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House of Commons Hansard #129 of the 41st Parliament, 1st Session. (The original version is on Parliament's site.) The word of the day was workers.

Topics

Employment InsuranceOral Questions

2:25 p.m.

Liberal

Bob Rae Liberal Toronto Centre, ON

Mr. Speaker, it is almost as if these changes are being put out on the back of an envelope.

We still do not have the regulations that are in place. It is one of the reasons that we are hearing not just from employees who are concerned and not just from seasonal workers. We are hearing from farmers, from farm organizations right across the country, who are deeply concerned about the impact of these changes on their own employment practices with respect to temporary permits of people coming in from offshore.

Could the Prime Minister tell us why he will not withdraw these suggestions until such time as he has established a stronger national consensus for the kind of changes that this requires?

Employment InsuranceOral Questions

2:25 p.m.

Calgary Southwest Alberta

Conservative

Stephen Harper ConservativePrime Minister

Mr. Speaker, these changes are widely supported by employers.

Our philosophy here is different than that on the other side. We want to make sure people can get jobs when jobs are available rather than employment insurance. We want to make sure that when jobs are available Canadians get first crack at those jobs, not temporary foreign workers.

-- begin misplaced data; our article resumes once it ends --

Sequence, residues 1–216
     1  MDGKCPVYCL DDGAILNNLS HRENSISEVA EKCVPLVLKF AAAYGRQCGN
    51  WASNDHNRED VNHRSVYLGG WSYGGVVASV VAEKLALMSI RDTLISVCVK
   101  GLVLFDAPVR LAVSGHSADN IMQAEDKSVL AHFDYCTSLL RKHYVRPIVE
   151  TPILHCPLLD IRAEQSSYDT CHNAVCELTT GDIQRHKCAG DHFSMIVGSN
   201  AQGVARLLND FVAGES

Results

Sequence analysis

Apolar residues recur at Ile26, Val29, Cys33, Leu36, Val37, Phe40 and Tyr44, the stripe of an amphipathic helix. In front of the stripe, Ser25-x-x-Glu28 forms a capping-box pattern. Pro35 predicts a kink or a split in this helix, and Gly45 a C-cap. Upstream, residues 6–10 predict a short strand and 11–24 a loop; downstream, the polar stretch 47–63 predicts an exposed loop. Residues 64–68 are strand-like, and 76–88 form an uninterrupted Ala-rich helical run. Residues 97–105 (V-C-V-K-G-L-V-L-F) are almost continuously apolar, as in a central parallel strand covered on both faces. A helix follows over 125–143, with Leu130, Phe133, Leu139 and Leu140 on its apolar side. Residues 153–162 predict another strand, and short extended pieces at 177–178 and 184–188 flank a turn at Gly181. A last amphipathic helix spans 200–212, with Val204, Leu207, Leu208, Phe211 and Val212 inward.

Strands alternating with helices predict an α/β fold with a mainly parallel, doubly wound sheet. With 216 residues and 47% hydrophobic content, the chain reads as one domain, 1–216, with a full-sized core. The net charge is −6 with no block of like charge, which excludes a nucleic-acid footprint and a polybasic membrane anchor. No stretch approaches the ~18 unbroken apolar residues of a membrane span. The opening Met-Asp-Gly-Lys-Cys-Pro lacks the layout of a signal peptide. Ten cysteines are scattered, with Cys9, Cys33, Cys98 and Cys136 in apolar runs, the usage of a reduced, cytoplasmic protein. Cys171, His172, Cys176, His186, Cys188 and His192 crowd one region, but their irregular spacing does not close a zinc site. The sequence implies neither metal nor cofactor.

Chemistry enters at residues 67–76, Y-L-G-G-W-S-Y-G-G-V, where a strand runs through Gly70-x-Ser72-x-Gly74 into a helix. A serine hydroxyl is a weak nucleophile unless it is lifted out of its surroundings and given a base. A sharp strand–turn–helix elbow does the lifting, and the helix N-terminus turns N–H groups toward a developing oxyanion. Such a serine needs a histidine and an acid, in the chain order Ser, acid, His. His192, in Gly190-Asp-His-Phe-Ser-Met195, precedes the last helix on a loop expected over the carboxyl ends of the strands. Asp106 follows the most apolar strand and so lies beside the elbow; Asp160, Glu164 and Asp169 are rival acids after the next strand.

Employment InsuranceOral Questions

2:25 p.m.

NDP

Anne-Marie Day NDP Charlesbourg—Haute-Saint-Charles, QC

Mr. Speaker, we all know what usually happens when there is a labour shortage: salaries increase. That is the principle of supply and demand.

However, the Conservatives' plan to reform employment insurance will put downward pressure on the salaries of workers across Canada. This will be very bad for the economy. If EI is to be reformed, the changes should target accessibility and the processing of applications.

Why are the Conservatives ignoring the real problems?

Employment InsuranceOral Questions

2:25 p.m.

Haldimand—Norfolk Ontario

Conservative

Diane Finley ConservativeMinister of Human Resources and Skills Development

Mr. Speaker, the real question is this: why does the opposition want to give jobs to foreign workers rather than to Canadians?

The Conservatives want to help Canadians find jobs and apply for positions that exist in their regions and in their areas of expertise. This will help Canadians, before employers turn to foreign workers to fill those jobs.

We want to help Canadians because that is the best thing to do.

Employment InsuranceOral Questions